Through FNMC – “the mother ship,” Lindley called it to help illustrate the model – the local First Nation would draw on the technical mine development capacity that is available through the strategic partners. “Over time, the technical capacity that is developed among the First Nation companies presumably will grow and mature.”
For each mining project, increasing the capacity of the local First Nation’s skills pool would be an immediate priority, said Lindley.
“All three non-Aboriginal partners (in FNMC) have pretty mature training programs at a technical level,” he said. “We have experience partnering with colleges and educational institutions.” FNMC is also committed to investing some of its profits in training programs and capacity building, Lindley added.
The non-Aboriginal partners in FNMC will also use their experience in the mining industry to help local contractors better understand the competitive bidding process and how to effectively respond to a tender, he said, which should help them land more contracts than they would otherwise.
FNMC is counting on mining owners seeing the benefit of a local First Nation having the ability to take on more contracts from this kind of partnering.
“FNMC does provide the opportunity for mine owners to build strong foundations in the community, which at the end of the day are probably measured by ‘social licence’ to operate,” Lindley said. “I think you can see the advantage if the First Nation is right there with you as part … of the project, actually engaged in the environmental permitting and approvals process. That consultation and accommodation process will go a lot more smoothly. That’s the plan.”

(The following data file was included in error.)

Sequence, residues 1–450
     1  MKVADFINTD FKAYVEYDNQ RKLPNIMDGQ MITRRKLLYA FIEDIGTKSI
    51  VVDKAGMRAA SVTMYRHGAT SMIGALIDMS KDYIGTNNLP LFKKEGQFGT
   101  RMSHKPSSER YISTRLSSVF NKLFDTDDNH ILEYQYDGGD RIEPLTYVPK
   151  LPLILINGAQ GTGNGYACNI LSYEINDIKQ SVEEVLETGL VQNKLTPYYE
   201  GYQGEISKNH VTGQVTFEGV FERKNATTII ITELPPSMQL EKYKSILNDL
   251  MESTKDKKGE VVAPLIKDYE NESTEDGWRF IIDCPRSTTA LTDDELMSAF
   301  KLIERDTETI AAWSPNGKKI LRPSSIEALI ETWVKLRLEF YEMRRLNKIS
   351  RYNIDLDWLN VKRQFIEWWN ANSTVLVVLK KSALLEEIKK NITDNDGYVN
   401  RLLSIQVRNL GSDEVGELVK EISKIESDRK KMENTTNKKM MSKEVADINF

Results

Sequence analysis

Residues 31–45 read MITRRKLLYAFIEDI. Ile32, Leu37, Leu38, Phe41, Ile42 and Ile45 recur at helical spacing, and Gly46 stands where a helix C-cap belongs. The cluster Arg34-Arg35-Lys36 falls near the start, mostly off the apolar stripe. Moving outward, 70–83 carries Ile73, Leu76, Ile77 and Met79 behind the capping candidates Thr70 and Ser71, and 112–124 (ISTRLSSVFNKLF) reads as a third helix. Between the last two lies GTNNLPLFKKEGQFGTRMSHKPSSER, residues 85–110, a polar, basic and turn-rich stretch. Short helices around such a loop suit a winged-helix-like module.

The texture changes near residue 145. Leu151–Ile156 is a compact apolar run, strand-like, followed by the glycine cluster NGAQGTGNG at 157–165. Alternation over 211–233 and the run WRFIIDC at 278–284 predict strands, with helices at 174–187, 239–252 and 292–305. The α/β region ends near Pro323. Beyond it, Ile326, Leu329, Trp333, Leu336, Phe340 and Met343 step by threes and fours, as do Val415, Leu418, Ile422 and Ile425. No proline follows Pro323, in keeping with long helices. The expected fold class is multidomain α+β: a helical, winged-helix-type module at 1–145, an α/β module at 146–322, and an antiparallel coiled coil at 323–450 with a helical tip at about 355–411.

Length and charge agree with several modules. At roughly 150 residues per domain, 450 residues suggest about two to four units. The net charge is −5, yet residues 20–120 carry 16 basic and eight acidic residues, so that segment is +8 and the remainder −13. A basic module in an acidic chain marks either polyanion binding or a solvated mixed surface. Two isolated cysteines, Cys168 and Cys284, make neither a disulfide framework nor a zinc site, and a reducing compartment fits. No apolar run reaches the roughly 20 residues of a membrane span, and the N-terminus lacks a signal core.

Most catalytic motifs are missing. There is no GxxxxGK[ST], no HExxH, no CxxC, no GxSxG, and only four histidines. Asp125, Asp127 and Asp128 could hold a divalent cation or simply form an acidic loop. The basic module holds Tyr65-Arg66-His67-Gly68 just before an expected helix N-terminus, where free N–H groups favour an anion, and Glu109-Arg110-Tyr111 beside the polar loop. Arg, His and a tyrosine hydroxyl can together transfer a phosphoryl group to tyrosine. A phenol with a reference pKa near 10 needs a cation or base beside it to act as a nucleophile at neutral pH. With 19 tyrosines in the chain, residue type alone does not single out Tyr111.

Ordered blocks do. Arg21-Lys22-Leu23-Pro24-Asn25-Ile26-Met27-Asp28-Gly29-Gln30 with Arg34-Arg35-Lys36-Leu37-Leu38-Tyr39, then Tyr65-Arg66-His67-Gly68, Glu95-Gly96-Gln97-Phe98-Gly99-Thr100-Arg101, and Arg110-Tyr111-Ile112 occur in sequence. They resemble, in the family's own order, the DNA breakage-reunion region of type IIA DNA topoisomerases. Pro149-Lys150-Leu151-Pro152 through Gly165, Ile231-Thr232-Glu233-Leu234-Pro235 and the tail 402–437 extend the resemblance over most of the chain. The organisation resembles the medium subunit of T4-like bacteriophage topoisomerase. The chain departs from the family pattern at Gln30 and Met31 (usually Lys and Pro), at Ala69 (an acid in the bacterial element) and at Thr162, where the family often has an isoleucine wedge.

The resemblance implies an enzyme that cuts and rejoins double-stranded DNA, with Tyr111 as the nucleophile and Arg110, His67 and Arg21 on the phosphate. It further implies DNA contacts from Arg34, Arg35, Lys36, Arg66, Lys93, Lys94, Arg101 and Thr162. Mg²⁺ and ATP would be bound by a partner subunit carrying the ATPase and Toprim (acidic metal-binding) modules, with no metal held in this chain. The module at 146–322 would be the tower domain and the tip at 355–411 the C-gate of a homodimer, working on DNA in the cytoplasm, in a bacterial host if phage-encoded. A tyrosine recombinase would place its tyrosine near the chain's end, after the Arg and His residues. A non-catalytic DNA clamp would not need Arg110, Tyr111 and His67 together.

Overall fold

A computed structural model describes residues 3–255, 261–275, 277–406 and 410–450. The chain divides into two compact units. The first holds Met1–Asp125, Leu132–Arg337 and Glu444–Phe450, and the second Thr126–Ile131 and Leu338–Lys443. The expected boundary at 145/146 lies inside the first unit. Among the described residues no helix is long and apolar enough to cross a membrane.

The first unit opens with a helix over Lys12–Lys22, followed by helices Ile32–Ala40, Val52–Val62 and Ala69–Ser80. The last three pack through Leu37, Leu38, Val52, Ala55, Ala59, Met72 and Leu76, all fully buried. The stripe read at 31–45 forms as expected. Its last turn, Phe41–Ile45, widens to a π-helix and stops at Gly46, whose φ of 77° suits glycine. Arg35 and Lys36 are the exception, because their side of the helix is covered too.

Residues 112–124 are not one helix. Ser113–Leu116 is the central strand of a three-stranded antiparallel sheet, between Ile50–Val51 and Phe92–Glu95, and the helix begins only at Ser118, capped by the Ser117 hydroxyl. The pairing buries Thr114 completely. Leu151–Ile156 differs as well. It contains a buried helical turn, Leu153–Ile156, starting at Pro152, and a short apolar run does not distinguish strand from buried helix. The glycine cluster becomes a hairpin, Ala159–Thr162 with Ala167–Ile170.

Of course, the plan is also for local First Nations and First Nation partners at the FNMC level to accumulate wealth from their participation. Until that wealth is generated, however, FNMC will rely on the financial wherewithal of the large non-Aboriginal partners, Cementation Canada, SNC-Lavalin – which has offices in Canada and more than 40 other countries around the world – and perhaps others that might join FNMC in the future. “We have the ability to access financing; we have the ability to work with mine owners to access financing that even mine owners might not have access to,” Lindley said.
“The concept is that as the company matures and is engaged in projects across Ontario, we will leave shares outstanding for new partners – both First Nations as well as non-Aboriginal strategic partners – to join FNMC,” he added.
“If a First Nation brings an opportunity to FNMC, we’ll give them the opportunity to join as a shareholder in FNMC. Our vision for the number of shareholders really isn’t limited at this point. We see nothing wrong if in time we have most of the First Nations in Ontario as shareholders in FNMC. In fact, that would be kind of cool.”
It’s a new model, a new way of thinking about including First Nations in mining projects as part of sustainable development, Lindley said.
“We can talk resource revenue sharing, we can talk about benefits from IBAs (impact benefit agreements), but ultimately the end game is about Aboriginal ownership and control. And that’s the core value for FNMC. At the end of the day, FNMC wants to be the mine owner.”